What is the right tone of voice for a blog?
Guest post from Graham Jones – Internet Psychologist
Should your blog be chatty and informal, should it even be colloquial, or should it be business-like and create a distance between you and your readers? The tone of voice you provide your blog is important. Firstly, it helps determine the way people see you – happy, chatty, or straight-laced, for example. And secondly it influences their likelihood of repeat visits.
It also depends on who you are. After all, should Barack Obama’s blog be chatty and informal, one of “the guys” or should he create something of a more formal tone, where there is extra distance between him and us? Or if you are a celebrity blogger, do you want to separate yourself from your audience by a formal tone, or do you want to create closeness, a deeper connection by being colloquial?
The first step in any successful blog is working out the distance you want between you and your readers – close, somewhat distant, or on the horizon? Only you can choose. But once you have selected the distance, this will determine the way in which you write your material.
For example, if you want to increase the distance between you and your audience, write mostly passively. If you want to increase the closeness, write mostly actively. To raise distance, talk about the company, but never about individuals within the business. To reduce the distance, talk about people and even use the word “I” quite a lot.
There are also some technical signals of closeness – such as the ability for your audience to leave comments. If they can leave comments on your blog, they will feel closer to you. If they cannot comment you are signalling this is largely a one-way communications system. Another method of reducing the distance between your blog and your readers is to display icons for social media services, such as Twitter and Facebook, whereby people can recommend their friends to your blog. All of these sharing systems help reduce the distance between you and your readers.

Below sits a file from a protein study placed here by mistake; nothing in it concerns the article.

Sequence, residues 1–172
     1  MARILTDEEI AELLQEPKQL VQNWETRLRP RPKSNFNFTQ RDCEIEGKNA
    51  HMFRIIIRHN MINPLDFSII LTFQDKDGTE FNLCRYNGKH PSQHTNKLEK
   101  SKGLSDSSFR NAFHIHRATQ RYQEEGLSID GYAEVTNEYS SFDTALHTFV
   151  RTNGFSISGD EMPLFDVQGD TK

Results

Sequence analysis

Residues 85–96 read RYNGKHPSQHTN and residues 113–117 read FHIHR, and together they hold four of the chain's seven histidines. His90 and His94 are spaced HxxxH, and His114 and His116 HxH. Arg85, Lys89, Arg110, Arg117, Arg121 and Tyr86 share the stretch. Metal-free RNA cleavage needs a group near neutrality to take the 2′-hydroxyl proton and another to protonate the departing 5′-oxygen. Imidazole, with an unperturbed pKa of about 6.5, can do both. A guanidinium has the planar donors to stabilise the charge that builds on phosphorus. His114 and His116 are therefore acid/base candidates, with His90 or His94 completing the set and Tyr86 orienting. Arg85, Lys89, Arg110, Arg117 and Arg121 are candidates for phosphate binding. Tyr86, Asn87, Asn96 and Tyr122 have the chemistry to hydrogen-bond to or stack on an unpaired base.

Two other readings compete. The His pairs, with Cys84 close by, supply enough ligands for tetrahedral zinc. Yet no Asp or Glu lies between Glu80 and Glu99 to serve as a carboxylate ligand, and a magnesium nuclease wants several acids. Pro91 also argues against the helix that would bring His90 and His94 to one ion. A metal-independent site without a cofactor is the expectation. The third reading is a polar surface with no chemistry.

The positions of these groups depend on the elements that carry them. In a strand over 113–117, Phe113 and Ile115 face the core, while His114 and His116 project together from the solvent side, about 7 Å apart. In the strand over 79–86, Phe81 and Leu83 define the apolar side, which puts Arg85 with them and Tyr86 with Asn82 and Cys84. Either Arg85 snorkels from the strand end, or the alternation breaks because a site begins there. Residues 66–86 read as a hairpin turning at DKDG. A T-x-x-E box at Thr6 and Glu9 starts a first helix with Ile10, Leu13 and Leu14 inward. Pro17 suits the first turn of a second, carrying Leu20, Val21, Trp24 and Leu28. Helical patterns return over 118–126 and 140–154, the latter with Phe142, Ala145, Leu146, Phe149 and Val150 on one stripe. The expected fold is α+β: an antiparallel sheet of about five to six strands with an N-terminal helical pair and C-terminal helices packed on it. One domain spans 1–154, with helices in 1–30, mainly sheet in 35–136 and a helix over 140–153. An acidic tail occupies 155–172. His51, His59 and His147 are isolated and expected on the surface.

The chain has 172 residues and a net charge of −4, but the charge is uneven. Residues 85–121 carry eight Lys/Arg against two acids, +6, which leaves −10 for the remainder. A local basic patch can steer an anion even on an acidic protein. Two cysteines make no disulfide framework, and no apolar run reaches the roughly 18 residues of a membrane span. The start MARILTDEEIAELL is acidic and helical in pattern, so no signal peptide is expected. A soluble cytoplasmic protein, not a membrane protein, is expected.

However, ultimately it is the tone of voice in your writing that matters most. The way your copy conveys your personality determines to what extent people will connect with you. And, rather like the real world, not everyone will like you. There are some people who just cannot abide the way you write – they will never connect with your blog, so don’t try to make them. If you try to write to please everyone, you end up pleasing no-one. So, just be yourself.
If you want to convey a sense of authority on your subject, however, you need to set yourself up as an authority figure. Research shows us that there are two facets to this. Firstly, you need to write from the perspective of the audience and demonstrate you care for them. The more you do that, the more they respect and trust you.
However, in addition to this you will need to take on an authority persona. The way to do this in writing is to “tell” people what to do, rather than “suggest” or give hints as to how people can put your ideas into practice. In addition to being rather dictatorial, you need to add in signals of authority, such as your qualifications, examples of your own work successes and references to academic papers, journal articles and so on which show you are “well read”. In combination with a “telling” tone, this helps boost your position as an authority figure in your field. But without the appropriate tone of voice, none of that works; trying to be dictatorial and authoritative whilst having a chatty, informal tone is unlikely to have much impact.
But whatever kind of blog communication you want to establish you can succeed by considering the distance between you and your reader, the level of authority you wish to convey and the degree to which you want to be seen as informal. Pay attention to these “tonal” areas of your blog and you will do well.
Graham Jones, Internet Psychologist, advises companies on how they can increase their engagement with their online audiences. He is the author of 16 books about the Internet and is a regular speaker at conferences and seminars on the subject. His blog is at www.grahamjones.co.uk